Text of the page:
The Face of The Yankees

The Yankees have had various characters as the face of their franchise through the years. Babe Ruth and Mickey Mantle weren’t saints. Lou Gehrig might have been. Reggie Jackson was a narcissist. Derek Jeter and Joe DiMaggio were intensely private. And while the “job” is open again, it is about to be filled by Alex Rodriguez. Short of the Yankees bringing Mike Trout to the Bronx before the start of next season, and that is absolutely not happening, Alex will become the face of the Yankees. He will be the person most associated with the team and that is one of the  reasons the Yankees should cut him outright instead of letting him be reinstated at the conclusion of the World Series.

Let’s start with the obvious reason. Alex is a disgrace. He has been exposed as a massive cheat and refused to take the stand at his own arbitration hearing claiming the process was rigged and his lawsuits would prove it. Yet, he quietly dropped those lawsuits on a Friday in February and disappeared for the 2014 season. Opposing teams’ fans will obviously boo him, but Yankees fans should too. Management know that and the only reason the Yankees are even thinking of letting him in the front door is because they owe him $61-million.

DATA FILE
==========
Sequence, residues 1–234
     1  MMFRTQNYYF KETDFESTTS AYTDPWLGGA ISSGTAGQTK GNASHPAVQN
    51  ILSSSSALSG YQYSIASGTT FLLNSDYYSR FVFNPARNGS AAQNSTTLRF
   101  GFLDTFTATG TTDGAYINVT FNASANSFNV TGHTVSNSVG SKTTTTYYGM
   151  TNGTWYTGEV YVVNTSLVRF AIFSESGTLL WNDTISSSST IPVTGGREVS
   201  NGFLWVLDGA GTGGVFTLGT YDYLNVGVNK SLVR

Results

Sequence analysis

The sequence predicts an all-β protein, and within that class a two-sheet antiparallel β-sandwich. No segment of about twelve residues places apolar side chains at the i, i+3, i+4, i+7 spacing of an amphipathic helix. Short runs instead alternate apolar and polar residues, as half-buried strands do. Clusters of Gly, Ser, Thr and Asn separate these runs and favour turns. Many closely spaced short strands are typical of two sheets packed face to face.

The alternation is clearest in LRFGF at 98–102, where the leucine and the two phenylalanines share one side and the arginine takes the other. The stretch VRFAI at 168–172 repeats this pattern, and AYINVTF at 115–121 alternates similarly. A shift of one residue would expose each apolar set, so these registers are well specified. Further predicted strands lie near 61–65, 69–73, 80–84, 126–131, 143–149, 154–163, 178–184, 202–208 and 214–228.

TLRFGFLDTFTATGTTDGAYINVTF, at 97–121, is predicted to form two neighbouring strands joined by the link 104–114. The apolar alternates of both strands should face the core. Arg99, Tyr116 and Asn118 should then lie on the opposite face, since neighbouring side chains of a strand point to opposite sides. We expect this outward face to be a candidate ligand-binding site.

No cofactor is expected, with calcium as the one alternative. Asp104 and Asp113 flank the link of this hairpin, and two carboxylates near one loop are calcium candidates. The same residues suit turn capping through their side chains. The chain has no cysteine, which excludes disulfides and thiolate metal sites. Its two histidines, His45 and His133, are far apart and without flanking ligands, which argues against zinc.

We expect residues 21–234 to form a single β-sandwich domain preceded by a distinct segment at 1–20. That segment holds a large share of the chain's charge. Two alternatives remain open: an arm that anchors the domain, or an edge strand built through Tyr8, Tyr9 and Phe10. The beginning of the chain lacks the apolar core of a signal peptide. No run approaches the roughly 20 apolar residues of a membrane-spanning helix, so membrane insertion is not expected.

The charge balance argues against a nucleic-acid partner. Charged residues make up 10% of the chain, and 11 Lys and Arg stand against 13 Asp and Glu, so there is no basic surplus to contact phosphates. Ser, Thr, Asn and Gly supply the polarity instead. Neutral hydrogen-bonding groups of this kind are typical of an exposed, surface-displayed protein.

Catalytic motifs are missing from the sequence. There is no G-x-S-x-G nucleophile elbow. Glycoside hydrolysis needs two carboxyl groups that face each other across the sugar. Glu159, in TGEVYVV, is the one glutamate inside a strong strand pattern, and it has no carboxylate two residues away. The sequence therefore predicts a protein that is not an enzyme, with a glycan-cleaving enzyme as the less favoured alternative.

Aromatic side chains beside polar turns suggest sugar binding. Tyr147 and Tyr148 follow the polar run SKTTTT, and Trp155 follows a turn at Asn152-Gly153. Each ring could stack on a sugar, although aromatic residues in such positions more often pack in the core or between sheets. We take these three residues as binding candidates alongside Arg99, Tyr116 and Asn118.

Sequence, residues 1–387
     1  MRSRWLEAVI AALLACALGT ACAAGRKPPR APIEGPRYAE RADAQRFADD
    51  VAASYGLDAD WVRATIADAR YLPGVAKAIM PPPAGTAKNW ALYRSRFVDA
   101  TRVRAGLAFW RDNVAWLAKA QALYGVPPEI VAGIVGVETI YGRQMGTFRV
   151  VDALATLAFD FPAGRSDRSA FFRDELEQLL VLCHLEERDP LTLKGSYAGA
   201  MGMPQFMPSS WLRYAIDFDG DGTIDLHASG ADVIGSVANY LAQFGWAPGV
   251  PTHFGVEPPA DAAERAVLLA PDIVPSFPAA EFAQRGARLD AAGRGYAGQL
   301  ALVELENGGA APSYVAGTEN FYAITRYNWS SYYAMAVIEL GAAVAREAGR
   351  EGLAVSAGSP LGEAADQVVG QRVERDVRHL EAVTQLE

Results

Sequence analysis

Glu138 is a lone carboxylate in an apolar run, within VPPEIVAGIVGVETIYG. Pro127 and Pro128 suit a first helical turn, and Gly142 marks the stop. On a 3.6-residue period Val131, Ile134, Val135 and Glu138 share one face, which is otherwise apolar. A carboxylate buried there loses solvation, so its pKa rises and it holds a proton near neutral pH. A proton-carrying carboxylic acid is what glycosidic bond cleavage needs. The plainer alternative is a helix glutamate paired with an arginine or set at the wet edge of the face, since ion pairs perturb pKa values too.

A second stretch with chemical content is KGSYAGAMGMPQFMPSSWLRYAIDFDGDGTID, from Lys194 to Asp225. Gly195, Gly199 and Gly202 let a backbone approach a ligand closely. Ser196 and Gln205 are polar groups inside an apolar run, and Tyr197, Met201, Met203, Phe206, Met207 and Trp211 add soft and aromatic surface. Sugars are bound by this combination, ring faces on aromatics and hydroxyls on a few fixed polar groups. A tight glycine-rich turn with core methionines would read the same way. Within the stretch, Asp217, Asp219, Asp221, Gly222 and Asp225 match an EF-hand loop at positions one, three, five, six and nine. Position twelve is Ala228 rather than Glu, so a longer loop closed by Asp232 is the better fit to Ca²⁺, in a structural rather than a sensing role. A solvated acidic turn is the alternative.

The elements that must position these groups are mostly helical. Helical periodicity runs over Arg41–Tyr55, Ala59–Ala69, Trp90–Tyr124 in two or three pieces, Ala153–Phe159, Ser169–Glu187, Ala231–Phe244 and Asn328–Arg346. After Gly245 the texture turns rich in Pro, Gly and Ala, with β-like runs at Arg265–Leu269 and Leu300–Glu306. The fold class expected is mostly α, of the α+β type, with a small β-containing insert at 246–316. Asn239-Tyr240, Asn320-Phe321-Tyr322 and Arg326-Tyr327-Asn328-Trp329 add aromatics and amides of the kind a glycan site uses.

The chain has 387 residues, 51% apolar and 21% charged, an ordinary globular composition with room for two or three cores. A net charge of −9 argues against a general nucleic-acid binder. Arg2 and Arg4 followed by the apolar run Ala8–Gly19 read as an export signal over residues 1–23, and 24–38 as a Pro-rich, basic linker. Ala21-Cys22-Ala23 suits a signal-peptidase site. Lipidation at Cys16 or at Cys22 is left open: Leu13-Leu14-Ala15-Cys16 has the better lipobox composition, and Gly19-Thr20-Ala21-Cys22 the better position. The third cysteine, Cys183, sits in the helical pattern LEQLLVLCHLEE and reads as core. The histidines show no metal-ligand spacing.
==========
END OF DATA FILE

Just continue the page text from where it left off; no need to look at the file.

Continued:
Tradition matters to the Yankees. Perhaps it matters to them more than any team in baseball. They constantly market it. They are the only team that still has an Old Timers’ Day. They practically shove it down your throat at times. It has been a big part of the reason why the Yankees are the most valuable brand in sports. Fobres estimates that the Yankee brand is worth $521 million alone. That is a valuable asset and one that the Yankees should protect. Letting Alex return to the team will only reduce the value of the club. Maybe it won’t be $61-million of damage, but it will be damage and the Yankees could take a stand here and show that they value their principals more than their wallets.

But here’s the thing. Even if they won’t. Even if they desperately want to earn something off of that $61-million can they? Alex is about to be 40 and hasn’t played since 2013. He has missed at least 20 games every season since 2008, and was just slightly above average with the bat in 2013. Is a 2015 season where he hits .260 with say 15-20 homers really worth all the distractions his presence will create or the logjam at DH?

So, I hope the Yankees wake up to the reality that it is time to close the door on Alex. Sadly, I don’t think they will.